To a newcomer, the cryptocurrency and bitcoin mining market might seem like any other industry and some might even be intimidated by it. Scarcely would anyone believe that it is only 10 years
The earliest movement towards bringing cryptocurrency to the masses came on October 23, 2008, when Satoshi Nakamoto published a paper titled Bitcoin: A Peer-to-Peer Electronic Cash System. Interestingly, it is unclear
On January 3, 2009, Nakamoto launched the cryptocurrency network. He named his digital coin “Bitcoin” and mined 50 Bitcoins. Bitcoin mining difficulty is a function of a number of miners on the network. Due to low network penetration, Satoshi needed only a standard multi-core CPU to mine Bitcoins.
The low computer power needed for mining Bitcoins attracted more enthusiasts to participate in the cryptocurrency market. As the number of participants increased, the computing power required for mining also increased.
In those days, there were no takers for Bitcoins. But things were changing as within a year, by March 17, 2010, Bitcoinmarket.com was launched as the world’s first Bitcoin exchange.
The first-ever real-world Bitcoin transaction was recorded in May 2010. When Laszlo Hanyecz bought 2 pizzas for 10,000 Bitcoins, he could not have imagined that after nine years his meals worth would increase to $8.6 million.
After standard multiple-core CPUs, GPUs began to be used for mining Bitcoins.
GPU (Graphics Processing Unit) Bitcoin Mining:
GPUs are better at doing repetitive tasks compared to CPU, which are equipped for multi-tasking. Mining Bitcoins also requires decoding hashes repeatedly by changing only one digit in each attempt. Thus, GPUs were more suited than CPUs for usage in cryptocurrency mining.
In October 2010, code for mining Bitcoins using Graphics Processing Unit (GPUs) was made public. Mining was still affordable at an individual level as it needed very less investment as well as low technical skills. Thus, even after shifting from multi-core CPUs to GPUs individuals could participate in the mining of Bitcoins.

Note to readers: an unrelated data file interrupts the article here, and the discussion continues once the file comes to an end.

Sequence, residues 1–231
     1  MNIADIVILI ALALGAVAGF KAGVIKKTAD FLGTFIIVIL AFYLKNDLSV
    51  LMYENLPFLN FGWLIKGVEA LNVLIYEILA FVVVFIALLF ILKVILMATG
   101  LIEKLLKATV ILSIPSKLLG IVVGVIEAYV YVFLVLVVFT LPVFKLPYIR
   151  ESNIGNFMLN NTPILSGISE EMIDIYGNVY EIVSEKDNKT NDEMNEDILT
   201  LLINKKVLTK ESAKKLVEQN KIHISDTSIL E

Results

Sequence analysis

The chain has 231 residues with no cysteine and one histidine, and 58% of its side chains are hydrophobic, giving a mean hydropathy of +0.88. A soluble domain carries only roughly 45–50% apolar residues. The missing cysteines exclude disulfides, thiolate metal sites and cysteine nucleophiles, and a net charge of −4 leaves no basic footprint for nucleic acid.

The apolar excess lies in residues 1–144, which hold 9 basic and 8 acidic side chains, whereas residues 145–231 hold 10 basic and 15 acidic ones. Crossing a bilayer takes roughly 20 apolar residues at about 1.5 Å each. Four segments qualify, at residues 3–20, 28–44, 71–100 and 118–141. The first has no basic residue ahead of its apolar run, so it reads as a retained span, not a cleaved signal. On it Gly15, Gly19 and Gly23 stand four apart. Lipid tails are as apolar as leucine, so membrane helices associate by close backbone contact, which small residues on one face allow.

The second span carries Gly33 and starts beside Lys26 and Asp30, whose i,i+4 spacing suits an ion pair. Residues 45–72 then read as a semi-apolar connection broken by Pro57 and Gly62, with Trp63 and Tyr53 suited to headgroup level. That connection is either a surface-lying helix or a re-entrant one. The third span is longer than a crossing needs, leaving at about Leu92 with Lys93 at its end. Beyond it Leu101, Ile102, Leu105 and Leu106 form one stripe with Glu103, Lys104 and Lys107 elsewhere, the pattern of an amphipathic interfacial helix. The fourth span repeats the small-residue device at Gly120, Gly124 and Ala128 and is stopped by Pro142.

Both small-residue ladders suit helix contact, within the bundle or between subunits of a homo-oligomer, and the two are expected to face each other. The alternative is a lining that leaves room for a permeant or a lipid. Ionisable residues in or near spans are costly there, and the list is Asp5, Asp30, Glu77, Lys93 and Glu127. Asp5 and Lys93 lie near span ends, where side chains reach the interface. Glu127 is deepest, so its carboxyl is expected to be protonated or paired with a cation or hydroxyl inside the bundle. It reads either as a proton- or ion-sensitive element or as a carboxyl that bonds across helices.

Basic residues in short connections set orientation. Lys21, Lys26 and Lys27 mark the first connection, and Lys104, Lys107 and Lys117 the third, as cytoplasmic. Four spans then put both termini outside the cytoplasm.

In a bid to increase the hash rate, Bitcoin enthusiasts got together, and a crowdsourced standard evolved in which 5 GPUs were suspended over an AMD motherboard with minimum DRAM.
Connecting multiple GPUs in tandem to create custom rigs also had the advantage of undervolting the GPUs thus, using less electricity.
For a small-time, everyone thought they could put their legs up for the rest of their lives and just keep mining Bitcoins. All this was soon going to change.
FPGAs (Field-Programmable-Gate Arrays) Bitcoin Mining:
As mining difficulty increased, by June 2011, GPUs were replaced by field-programmable-gate arrays (FPGAs) which are semiconductor devices. FPGAs are integrated circuits, which need to be programmed for specific applications. FPGAs consumed 3 times less power than GPUs to perform the same task. hardware design language also used to program FPGAs. Low power consumption offered advantages in cooling and in connecting an array of FPGAs.
FPGAs also became redundant as the cryptocurrency market continued to grow. In 2013; the miners adopted a new standard, the Application-Specific Integrated Circuit (ASIC).
Application-Specific Integrated Circuit (ASIC):
While devices like CPU, GPU and FPGA could multi-task, ASIC is used for the sole purpose of cryptocurrency mining. At present even a single ASIC miner has been superseded by an ASIC rig, which would include multiple ASIC miners connected together along with fans and processors.
Thus, as the complexity of cryptocurrency networks increased more powerful devices were used; each device first used alone than in a group until the time that even a group could not handle the complexity of the network. Then a new device was used and the same cycle was repeated.
To think that we have reached the stage of using ASIC rigs for data mining even before cryptocurrencies have been adequately mainstreamed, that means even more innovations will be needed to meet the future challenges of data mining.